New 5th DCA Opinion on Pre-existing Injuries, Diagnostic Testing: State Farm v. Ferranti
In a recent September 28, 2018 opinion reversing a summary judgment and attorney fee award and remanding for a new trial, the Florida Fifth District Court of Appeals in State Farm v. Ferranti Case No. 5D16-3980 found that even though the Plaintiff voluntarily dismissed damages related to lower back injuries, the trial Court improperly excluded evidence of those injuries. The appellate court cited in its holding extensively to a 4th DCA case, JVA Enterprises, I, LLC v. Prentice, 48 So. 3d 109 (Fla. 4th DCA 2010),and reaffirmed the principle that “[a] preexisting condition similar to that suffered in a later accident is relevant to the jury’s determination of a plaintiff’s claim of permanency and for pain and suffering” and it is an abuse of discretion to exclude this evidence from the jury.
The Ferranti opinion is also noteworthy as it points out an important distinction in another 4th DCA case regarding recovery of medical expenses for diagnostic testing, Pack v. Geico General Insurance Co., 119 So. 3d 1284 (Fla. 4th DCA 2013). In Ferranti, the Plaintiff moved for partial summary judgment and relied upon Pack for the proposition that “Generally, a plaintiff may recover the medical expenses for diagnostic testing which were reasonably necessary to determine whether the accident caused her injuries. This is true whether or not the jury finds the accident to be the legal cause of the injury.” The trial court granted Ferranti’s partial summary judgment on the entire issue of causation – not just the diagnostic expenses – finding that causation was established as a matter of law because the tortfeasor was a legal cause of “some” loss, injury or damages. The appellate court in Ferranti found this to improperly remove from the jury’s consideration whether the 2010 accident caused the injuries. The appellate court explicitly limited the Pack holding to situations where diagnostic expenses are recoverable even if the jury finds the accident was not the legal cause of the plaintiff’s injury.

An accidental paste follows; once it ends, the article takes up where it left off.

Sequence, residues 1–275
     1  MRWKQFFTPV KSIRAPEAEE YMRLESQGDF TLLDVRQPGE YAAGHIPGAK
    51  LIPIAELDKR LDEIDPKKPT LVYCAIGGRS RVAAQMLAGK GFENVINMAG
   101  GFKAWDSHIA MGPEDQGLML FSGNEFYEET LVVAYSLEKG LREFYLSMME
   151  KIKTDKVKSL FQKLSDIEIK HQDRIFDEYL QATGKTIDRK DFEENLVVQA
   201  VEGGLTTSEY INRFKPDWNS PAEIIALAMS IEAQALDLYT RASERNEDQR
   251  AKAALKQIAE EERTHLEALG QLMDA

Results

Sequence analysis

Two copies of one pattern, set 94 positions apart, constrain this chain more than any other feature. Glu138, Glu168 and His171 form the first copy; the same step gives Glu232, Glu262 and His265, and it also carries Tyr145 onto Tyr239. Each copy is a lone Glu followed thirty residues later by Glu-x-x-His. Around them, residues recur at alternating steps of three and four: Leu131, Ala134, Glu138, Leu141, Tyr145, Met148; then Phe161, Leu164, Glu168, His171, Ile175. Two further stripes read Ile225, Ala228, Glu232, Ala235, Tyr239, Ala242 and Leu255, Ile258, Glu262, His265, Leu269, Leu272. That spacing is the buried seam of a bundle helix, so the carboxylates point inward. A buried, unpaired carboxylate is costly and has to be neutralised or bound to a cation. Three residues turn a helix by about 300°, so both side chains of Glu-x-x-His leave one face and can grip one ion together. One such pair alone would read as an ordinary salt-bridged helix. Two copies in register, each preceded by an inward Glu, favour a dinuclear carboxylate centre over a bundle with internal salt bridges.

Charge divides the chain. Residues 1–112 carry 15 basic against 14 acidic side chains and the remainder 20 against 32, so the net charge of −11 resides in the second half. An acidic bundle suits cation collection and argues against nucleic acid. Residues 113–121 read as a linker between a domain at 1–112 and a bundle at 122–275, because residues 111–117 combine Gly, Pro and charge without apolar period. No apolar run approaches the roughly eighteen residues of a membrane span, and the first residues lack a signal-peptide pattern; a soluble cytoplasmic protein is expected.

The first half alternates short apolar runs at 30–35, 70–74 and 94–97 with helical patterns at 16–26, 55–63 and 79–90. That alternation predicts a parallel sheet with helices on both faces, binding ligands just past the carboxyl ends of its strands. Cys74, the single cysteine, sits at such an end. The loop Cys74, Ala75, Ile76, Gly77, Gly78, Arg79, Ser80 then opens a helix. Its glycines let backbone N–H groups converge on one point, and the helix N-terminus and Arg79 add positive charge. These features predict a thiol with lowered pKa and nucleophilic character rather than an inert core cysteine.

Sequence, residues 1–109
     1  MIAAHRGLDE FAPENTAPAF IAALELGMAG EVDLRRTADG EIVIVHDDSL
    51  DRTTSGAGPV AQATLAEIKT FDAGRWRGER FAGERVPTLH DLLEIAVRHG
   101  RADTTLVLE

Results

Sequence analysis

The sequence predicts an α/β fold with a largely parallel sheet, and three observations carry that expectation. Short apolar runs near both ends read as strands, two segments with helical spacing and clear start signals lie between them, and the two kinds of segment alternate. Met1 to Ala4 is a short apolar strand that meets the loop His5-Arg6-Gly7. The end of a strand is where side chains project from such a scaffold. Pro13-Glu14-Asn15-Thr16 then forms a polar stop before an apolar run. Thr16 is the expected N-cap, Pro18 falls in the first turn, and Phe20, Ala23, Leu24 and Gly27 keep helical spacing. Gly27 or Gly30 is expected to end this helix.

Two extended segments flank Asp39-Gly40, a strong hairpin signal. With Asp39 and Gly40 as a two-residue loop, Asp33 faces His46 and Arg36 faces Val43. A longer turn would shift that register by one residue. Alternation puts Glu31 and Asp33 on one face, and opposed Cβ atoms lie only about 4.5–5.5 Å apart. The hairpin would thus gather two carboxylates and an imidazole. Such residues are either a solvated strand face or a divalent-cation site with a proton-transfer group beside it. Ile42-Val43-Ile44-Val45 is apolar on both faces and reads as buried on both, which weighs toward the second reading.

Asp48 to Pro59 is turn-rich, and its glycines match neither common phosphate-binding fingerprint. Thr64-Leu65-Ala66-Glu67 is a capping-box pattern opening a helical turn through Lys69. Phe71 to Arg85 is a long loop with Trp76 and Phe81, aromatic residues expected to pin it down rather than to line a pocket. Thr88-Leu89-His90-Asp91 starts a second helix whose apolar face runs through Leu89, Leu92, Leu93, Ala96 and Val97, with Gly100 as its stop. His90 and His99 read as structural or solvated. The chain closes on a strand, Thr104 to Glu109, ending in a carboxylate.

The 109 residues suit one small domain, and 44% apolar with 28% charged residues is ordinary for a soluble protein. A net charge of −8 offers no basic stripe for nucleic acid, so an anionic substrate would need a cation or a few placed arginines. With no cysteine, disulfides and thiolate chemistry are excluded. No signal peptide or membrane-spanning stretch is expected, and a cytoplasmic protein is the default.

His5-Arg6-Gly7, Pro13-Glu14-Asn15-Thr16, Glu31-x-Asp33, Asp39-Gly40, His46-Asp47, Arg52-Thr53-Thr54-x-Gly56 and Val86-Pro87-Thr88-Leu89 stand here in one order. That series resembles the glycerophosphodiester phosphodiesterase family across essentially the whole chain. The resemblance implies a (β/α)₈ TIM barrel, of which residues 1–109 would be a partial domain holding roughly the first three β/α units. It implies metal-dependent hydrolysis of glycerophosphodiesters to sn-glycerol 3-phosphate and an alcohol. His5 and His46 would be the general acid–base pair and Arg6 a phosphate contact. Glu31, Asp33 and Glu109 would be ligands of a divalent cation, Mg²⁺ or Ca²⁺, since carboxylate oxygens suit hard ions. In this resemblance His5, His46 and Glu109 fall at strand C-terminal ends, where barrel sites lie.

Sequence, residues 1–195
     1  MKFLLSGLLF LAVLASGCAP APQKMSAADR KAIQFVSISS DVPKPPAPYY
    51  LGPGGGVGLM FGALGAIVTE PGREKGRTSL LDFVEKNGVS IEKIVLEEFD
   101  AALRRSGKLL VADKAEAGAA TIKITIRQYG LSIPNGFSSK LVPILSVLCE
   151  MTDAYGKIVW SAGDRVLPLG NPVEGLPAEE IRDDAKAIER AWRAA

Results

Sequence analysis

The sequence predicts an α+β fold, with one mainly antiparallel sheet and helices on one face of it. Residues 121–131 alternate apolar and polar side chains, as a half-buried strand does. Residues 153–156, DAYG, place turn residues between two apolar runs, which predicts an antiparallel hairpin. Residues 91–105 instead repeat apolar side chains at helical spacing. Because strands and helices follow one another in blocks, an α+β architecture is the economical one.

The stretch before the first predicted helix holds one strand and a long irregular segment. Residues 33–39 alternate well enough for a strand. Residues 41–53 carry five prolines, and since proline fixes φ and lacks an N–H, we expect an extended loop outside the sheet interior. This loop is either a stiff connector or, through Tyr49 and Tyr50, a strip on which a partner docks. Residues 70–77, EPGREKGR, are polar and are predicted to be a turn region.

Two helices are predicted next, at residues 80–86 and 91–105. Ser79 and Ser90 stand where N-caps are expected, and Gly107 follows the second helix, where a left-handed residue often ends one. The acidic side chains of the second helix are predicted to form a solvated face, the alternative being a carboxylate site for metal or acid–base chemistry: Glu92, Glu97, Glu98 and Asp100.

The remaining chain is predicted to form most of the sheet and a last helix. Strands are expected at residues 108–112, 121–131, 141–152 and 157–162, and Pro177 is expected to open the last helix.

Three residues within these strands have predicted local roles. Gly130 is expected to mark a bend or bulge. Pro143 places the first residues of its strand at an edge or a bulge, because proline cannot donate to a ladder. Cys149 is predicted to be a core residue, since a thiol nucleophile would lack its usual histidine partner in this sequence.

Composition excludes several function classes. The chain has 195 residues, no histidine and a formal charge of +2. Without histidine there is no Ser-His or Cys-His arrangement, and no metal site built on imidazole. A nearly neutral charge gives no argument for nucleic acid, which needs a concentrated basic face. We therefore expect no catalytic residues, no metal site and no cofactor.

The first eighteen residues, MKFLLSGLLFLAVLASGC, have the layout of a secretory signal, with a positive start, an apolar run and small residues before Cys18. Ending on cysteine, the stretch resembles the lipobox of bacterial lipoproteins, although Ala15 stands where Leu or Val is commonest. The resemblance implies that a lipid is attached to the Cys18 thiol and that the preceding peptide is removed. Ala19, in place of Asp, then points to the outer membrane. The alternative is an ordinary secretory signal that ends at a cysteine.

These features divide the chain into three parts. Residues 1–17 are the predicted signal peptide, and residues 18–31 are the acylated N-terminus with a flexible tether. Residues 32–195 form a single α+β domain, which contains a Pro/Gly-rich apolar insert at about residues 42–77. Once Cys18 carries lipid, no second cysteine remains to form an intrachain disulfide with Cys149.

This case is very important as Plaintiff’s lawyers often attempt to drop claims in an effort to prevent the Defense from discussing previous injuries. This will no longer be allowable and all of the Plaintiff’s previous injuries, within reason will be discussed at trial.